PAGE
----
Public library staff have been issued with instructions to secure buildings, alert gardaí and avoid commenting to the media in response to rising numbers of protesters seeking to remove “offensive” LGBTQ+ books aimed at young people.
In recent weeks, groups of campaigners have been entering libraries and targeting what they describe as inappropriate books aimed at 12- to 17-year-olds which, they say, promote “gender ideology and pornography”.
Among the books protesters have highlighted are ‘This Book Is Gay’ and ‘What’s the T?’ by Juno Dawson; ‘Yay! You’re Gay! Now What?’ by Riyadh Khalof; ‘Sex Ed An Inclusive Teenage Guide to Sex and Relationships’ by The School of Sexuality Education; and ‘Trans Teen Survival Guide’ by Owl and Fox Fisher.
Groups by the name of the Irish Education Alliance, Parents’ Rights Alliance and Lawyers for Justice claim these books and others violate child protection legislation. They have advised followers to enter public libraries, ask librarians to show them LGBTQ+ books in the aged 12-17 section and take photos of relevant books with “inappropriate” reading materials which “violate” the Children First Act (2015).
A spokeswoman for the Local Government Management Agency (LGMA), which manages public libraries, said it was aware of protests and that some library authorities have had to provide additional support to their staff as a result, including information on how to deal with such incidents and how to protect their wellbeing.
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“Library collections are curated by librarians with professional expertise, in accordance with each library service’s collection development policy. This includes categorising books by age. Borrowing restrictions based on age category are in place to support the role of parents and guardians in supervising their children’s selections,” a spokeswoman said.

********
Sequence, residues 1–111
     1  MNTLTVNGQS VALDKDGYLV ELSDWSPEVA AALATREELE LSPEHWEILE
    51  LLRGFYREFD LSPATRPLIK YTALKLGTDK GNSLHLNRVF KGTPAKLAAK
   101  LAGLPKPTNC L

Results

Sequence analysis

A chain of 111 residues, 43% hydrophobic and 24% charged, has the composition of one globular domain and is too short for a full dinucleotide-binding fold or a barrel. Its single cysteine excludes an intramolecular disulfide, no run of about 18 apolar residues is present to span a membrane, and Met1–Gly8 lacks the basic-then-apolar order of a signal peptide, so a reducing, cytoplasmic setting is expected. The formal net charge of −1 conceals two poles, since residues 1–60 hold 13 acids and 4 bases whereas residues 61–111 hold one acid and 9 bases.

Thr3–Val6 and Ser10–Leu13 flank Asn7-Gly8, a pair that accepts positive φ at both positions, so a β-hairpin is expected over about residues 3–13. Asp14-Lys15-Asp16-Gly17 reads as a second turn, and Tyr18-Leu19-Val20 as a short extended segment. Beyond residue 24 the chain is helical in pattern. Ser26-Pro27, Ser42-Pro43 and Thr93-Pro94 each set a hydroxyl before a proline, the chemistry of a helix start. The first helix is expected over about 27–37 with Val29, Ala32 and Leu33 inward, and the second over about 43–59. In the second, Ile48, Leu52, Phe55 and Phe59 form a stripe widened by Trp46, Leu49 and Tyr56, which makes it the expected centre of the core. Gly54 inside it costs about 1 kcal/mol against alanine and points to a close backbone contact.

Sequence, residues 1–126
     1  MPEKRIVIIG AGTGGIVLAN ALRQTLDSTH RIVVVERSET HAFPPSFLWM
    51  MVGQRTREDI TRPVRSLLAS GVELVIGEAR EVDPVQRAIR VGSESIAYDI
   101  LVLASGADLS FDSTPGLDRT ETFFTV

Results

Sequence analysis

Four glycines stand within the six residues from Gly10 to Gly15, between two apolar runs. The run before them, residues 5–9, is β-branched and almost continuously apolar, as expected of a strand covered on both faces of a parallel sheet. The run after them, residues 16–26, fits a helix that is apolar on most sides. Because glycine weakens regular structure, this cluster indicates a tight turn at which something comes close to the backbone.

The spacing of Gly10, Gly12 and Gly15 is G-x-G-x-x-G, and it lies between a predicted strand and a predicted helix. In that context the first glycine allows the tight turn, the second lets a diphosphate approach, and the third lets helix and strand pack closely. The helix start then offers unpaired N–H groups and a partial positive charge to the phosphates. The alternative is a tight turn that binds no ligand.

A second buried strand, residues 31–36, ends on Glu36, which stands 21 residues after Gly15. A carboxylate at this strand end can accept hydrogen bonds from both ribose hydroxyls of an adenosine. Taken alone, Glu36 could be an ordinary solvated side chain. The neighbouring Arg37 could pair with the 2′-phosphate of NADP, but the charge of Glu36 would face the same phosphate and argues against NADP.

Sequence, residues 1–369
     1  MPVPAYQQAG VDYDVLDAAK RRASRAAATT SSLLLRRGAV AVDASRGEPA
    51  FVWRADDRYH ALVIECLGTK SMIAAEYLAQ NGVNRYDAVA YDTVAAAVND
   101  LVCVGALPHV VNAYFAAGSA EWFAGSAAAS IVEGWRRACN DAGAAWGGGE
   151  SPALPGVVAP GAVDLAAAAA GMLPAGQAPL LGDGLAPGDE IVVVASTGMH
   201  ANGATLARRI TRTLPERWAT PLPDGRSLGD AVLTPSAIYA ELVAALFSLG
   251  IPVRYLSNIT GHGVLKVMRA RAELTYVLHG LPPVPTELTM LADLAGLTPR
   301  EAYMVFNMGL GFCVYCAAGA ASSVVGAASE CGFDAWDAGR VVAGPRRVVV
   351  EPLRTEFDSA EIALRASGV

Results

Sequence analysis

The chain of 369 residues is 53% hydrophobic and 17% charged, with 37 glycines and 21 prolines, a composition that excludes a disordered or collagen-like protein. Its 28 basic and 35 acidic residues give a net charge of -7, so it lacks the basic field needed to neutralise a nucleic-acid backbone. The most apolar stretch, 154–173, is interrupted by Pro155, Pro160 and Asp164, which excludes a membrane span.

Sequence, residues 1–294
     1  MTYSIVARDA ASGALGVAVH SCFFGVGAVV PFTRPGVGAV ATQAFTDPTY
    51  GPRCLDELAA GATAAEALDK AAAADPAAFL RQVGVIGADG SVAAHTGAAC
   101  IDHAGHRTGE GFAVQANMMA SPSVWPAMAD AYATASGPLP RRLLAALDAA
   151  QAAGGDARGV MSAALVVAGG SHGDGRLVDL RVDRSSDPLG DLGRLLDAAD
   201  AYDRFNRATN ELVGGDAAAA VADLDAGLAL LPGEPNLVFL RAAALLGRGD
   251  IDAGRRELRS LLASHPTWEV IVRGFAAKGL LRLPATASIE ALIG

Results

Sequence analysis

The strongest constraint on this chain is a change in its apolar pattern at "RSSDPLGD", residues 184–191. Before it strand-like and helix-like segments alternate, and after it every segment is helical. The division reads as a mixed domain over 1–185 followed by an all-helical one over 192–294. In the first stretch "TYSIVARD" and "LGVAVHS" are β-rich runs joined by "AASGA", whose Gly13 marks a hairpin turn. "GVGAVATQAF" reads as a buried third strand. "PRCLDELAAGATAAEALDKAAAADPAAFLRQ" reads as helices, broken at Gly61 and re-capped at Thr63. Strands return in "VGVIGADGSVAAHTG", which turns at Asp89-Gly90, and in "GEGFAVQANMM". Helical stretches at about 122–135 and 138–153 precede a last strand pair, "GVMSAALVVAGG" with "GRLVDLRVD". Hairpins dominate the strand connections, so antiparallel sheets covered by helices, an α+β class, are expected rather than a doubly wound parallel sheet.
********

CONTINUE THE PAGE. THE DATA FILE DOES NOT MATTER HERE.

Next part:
She said parents and guardians “play a fundamental role in guiding their children’s reading and library use”.
“They are responsible for their children in the library, and for their children’s selections and use of library materials and services, including access to the internet and online resources. For this reason, parental consent is required when a child joins the library and further consent is sought before members move age category,” the spokeswoman said.
Library management recently informed staff in a memo that any child moving up an age group from, for example, child membership to the 12-14 category, requires signed consent from a parent which must be recorded on library IT systems.
In addition, any teenager who joins the library is automatically placed in the child membership (under 12) category in the absence of parental consent. The move has prompted disquiet among staff in some libraries who argue that the move is restricting young people’s choice of books and a response to recent protests by “thought police” campaigners.
“It’s like I went to bed in Dublin and woke up in Florida,” said one library staff member, who said they would not comply with the requirement. “Imagine the indignity of a teenager having to choose books from the child section.”